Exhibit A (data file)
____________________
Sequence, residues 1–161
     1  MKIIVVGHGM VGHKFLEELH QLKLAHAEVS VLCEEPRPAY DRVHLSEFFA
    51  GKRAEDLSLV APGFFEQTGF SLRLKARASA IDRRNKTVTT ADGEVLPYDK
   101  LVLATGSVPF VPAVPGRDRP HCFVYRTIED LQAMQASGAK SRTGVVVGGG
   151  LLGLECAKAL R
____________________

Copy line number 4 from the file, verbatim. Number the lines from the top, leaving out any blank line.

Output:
   101  LVLATGSVPF VPAVPGRDRP HCFVYRTIED LQAMQASGAK SRTGVVVGGG